By Sara Buscher
Free Press Staff Writer
Sen. Bernie Sanders, I-Vt., believes there is a lot the U.S. can learn from Finland, and he brought the Finnish ambassador here Monday to share some of that with Vermonters.
For example, Sanders said, Finland provides better care for children -- from paid family leave to free day care -- and that results in one of the world's lowest childhood poverty rates.
"In my view, one of the results of how we neglect many of our shildren is that we end up with more people behind bars, in jail, than any other country on Earth," Sanders said.
Sanders and Ambassador Pekka Lintu held a town meeting Monday night at Contois Auditorium in City Hall.
Speaking to a standing-room only crowd that overflowed into the balcony, Sanders cited the troubled U.S. economy, with its shrinking middle class, increasing poverty and widening gap between the rich and "everyone else"; a disintegrating health-care system, with 47 million uninsured; and the highest rate of childhood poverty in the industrialized world, among his reasons for inviting the ambassador.
"We as a state and nation should do our very best to learn as much as possible about the best kind of economic and social models that exist throughout the world and, where these models make sense, we should see how we can adopt them," Sanders said.
"We should be avidly looking for solutions wherever they may be."
Finland has a population of 5.2 million; the U.S., more than 300 million. Finland has a homogenous population; the U.S. is diverse. Finland is the size of Montana; the U.S. is 3,000 miles wide, Sanders said.
Making clear the fact that the U.S. and Finland are two very different countries, Sanders asked, "How does it happen that in Finland they have virtually abolished childhood poverty, have free high quality child care, free college and graduate school, and have, according to international reports, the best primary and secondary educational system in the world?"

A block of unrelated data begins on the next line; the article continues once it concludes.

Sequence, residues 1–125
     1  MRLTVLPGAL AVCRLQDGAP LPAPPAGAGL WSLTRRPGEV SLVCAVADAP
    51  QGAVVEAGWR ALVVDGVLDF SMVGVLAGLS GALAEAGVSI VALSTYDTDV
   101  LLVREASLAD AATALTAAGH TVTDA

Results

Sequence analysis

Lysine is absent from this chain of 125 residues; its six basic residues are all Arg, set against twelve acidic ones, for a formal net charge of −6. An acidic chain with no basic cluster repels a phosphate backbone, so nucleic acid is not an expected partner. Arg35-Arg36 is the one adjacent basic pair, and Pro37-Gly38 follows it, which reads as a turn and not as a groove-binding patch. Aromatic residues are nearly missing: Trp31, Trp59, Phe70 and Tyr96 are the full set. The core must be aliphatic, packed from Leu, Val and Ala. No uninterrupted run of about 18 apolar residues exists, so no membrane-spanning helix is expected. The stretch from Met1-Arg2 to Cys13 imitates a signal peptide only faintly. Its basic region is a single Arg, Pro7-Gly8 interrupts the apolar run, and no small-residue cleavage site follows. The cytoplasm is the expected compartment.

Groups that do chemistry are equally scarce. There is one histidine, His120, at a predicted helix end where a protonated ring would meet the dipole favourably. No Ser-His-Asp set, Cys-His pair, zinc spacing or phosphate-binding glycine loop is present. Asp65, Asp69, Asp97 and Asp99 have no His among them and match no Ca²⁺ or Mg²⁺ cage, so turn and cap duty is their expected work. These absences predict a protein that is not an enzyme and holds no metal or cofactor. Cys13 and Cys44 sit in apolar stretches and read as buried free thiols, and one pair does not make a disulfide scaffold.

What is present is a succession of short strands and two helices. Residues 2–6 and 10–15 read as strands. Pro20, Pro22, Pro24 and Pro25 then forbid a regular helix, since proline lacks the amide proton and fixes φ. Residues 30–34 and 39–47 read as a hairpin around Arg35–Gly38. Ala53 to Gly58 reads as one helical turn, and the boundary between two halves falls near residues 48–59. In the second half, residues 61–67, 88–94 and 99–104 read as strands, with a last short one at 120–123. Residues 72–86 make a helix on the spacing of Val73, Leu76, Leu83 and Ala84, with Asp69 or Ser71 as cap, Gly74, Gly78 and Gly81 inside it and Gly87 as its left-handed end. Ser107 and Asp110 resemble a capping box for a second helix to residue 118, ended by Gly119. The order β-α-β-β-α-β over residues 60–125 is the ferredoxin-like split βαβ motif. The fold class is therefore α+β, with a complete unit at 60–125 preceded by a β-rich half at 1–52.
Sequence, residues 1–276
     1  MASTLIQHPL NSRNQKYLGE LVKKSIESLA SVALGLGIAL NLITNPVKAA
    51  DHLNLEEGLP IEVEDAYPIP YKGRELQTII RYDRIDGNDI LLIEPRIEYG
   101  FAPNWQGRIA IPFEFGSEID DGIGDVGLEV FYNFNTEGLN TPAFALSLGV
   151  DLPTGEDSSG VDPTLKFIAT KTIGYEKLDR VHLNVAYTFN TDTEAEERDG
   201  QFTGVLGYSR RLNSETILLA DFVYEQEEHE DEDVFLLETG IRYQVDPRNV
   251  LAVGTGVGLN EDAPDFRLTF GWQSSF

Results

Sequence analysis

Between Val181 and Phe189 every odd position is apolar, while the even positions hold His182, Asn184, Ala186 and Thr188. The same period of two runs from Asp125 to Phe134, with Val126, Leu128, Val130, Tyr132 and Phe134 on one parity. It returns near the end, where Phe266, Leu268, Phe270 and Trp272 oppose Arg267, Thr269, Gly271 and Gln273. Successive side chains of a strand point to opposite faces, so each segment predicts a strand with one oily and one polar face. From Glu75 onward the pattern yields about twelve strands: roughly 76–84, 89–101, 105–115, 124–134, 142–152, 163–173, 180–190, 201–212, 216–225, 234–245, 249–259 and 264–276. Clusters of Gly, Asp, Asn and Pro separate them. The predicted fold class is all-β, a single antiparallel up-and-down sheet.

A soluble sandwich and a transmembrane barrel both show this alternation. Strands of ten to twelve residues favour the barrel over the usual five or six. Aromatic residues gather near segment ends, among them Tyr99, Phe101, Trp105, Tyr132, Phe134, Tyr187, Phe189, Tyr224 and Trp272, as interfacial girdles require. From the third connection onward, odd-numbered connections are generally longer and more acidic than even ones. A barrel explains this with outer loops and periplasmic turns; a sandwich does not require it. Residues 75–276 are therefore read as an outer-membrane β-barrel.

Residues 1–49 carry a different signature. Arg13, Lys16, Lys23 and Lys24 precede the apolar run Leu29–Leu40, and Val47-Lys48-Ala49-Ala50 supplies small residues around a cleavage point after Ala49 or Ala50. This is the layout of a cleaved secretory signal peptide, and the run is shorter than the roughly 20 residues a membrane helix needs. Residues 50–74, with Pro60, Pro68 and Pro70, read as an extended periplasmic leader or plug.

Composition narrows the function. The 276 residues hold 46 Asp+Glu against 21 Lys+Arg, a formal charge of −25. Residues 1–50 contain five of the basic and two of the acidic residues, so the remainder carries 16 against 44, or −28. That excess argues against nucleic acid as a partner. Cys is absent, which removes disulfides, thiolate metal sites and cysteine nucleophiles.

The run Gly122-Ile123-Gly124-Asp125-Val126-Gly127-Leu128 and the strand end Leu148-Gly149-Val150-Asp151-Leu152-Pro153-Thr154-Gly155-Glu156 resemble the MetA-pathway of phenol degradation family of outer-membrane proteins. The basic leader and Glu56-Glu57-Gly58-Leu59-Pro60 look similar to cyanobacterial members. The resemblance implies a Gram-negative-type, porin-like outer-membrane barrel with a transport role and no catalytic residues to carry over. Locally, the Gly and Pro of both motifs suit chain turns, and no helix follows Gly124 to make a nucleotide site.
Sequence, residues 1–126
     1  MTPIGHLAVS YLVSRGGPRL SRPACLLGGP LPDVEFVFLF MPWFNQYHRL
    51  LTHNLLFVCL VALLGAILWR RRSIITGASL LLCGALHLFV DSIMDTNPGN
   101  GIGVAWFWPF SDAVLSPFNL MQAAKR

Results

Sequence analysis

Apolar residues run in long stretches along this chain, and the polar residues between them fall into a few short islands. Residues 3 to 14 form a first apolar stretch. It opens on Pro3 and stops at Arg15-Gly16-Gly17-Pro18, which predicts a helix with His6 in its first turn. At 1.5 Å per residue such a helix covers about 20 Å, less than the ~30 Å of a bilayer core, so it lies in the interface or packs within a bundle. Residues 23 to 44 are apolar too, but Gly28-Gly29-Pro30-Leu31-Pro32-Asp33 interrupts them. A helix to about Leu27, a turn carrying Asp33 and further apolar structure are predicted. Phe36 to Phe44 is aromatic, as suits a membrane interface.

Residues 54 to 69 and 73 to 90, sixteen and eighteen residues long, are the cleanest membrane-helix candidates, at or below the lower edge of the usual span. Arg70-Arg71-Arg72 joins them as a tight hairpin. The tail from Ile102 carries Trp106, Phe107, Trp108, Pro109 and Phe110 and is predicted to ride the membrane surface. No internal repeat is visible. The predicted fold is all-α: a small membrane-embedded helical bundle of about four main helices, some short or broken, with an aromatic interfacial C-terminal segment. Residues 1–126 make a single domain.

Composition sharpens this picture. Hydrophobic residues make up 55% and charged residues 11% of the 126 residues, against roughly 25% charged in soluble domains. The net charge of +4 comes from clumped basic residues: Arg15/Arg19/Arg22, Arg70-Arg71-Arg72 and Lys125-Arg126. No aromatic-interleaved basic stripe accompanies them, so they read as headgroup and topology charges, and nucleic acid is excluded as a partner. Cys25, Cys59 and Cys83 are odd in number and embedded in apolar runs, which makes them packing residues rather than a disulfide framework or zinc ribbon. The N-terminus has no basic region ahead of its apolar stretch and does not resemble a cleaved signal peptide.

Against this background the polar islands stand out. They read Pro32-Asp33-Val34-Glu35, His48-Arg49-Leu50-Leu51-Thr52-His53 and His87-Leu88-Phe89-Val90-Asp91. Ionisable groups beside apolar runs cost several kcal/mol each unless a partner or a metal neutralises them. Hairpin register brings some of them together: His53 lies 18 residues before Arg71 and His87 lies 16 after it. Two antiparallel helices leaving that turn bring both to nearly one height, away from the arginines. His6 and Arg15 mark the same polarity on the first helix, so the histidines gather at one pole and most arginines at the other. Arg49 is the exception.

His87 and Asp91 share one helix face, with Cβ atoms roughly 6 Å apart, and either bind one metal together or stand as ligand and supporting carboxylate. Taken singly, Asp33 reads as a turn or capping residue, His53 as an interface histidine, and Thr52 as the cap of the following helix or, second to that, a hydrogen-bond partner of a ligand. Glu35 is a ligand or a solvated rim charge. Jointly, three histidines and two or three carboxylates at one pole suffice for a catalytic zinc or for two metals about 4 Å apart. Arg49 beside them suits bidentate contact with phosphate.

"These are models, it seems to me, that we can learn from."
Sanders introduced Lintu, who began by saying Finland has come a long way from its days as a poor, rural country 90 years ago.
Finland has one of the most competitive economies in the world, a function of the country's decision to become an egalitarian society in 1906, he said.
Combined with a system in which all people receive the child care, education and health services they need -- a safety network Lintu says makes Finns more accepting of change -- a vital economy, and excellent schools, by all accounts, the country is thriving.
The country also pays a much higher marginal tax rate than the U.S., as much as 50 percent depending on income.
"The more you earn, the higher the taxes get," Lintu said, "but you get the free day care, health care and school."
The ambassador emphasized the importance of the country's flexibility in responding to change in the past, and acknowledged a challenge approaching as its citizens age.
In 2020, 25 percent of the population of Finland will be over 65. "We are working with that," he said.
Asked whether Finland worries about an influx of immigration, Lintu said no. "We think that may be one of the solutions for our aging population," he said.
In the 1990s, immigrants made up one percent of the country's population; today, it's 2.5 percent. "We try to learn from our neighbors, how not to repeat mistakes made elsewhere," Lintu said of the country's strategy to adapt to the changing population.
Another audience member wondered how to create a culture that accepts the fact that social welfare programs cost money in taxes.
"Finns loathe tax season," Lintu answered lightly, before explaining that they want to be sure they get value for their money.
"The issue is not so much how much you pay, it's what you get for what you pay," Sanders said.
"I think in that kind of situation, people would be delighted to pay more taxes, because at the end of the day they're better off."
"I think it's a wonderful system," said Jessica Bellantone, a counseling teacher at Centerpoint School in South Burlington. "I'm especially intrigued by the educational system, which is of real value for growth; and I think in the egalitarian society, people are given a voice, simply by the nature of their governance."
In an October Reader's Digest study that compared data from the U.N. 2006 Human Development Indicators and the 2005 Environmental Sustainability Index in ranking the "greenest, most livable places in the world," Finland took first place. The United States placed 23rd among 141 nations.
Contact Sara Buscher at 651-4811 or email@example.com